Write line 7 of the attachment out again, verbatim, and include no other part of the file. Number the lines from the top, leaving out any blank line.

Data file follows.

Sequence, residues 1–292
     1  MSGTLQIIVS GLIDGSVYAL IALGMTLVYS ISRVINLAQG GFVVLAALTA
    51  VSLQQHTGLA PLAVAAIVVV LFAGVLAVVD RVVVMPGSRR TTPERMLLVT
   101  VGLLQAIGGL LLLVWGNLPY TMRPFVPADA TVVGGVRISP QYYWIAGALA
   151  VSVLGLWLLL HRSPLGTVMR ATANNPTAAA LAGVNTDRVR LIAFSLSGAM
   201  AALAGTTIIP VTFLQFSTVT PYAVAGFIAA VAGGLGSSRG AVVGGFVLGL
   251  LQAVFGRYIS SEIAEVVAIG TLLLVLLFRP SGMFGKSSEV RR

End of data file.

   251  LQAVFGRYIS SEIAEVVAIG TLLLVLLFRP SGMFGKSSEV RR